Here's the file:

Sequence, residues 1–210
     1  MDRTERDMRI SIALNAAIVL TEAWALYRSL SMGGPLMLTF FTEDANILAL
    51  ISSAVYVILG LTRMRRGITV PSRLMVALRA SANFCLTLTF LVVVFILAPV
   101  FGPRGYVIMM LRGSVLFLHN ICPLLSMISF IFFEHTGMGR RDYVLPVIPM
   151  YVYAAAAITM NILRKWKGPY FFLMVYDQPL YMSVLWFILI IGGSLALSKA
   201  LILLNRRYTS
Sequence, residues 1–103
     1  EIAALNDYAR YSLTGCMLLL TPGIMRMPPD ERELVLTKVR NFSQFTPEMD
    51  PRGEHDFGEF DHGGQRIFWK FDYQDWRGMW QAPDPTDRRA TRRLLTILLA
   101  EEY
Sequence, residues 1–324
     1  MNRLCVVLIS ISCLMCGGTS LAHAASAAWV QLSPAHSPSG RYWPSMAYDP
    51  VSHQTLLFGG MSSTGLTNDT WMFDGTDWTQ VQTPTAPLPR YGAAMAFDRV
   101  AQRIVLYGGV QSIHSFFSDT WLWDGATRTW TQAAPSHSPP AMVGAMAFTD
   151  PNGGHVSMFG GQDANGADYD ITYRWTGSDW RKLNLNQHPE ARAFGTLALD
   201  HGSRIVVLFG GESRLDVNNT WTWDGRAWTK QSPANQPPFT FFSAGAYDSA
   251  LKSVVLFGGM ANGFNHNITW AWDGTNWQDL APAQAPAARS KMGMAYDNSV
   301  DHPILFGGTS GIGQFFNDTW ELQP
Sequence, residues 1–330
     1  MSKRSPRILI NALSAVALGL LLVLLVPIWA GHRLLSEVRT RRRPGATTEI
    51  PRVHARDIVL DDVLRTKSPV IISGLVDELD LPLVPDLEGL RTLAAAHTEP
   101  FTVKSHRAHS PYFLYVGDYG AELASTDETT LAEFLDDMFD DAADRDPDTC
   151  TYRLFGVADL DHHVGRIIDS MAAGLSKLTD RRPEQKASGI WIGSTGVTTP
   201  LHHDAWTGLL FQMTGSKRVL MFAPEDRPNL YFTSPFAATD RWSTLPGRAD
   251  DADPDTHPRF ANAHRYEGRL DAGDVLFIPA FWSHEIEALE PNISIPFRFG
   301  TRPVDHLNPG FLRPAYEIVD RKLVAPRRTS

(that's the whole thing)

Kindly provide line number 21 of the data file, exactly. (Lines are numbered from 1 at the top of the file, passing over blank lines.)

    51  PRVHARDIVL DDVLRTKSPV IISGLVDELD LPLVPDLEGL RTLAAAHTEP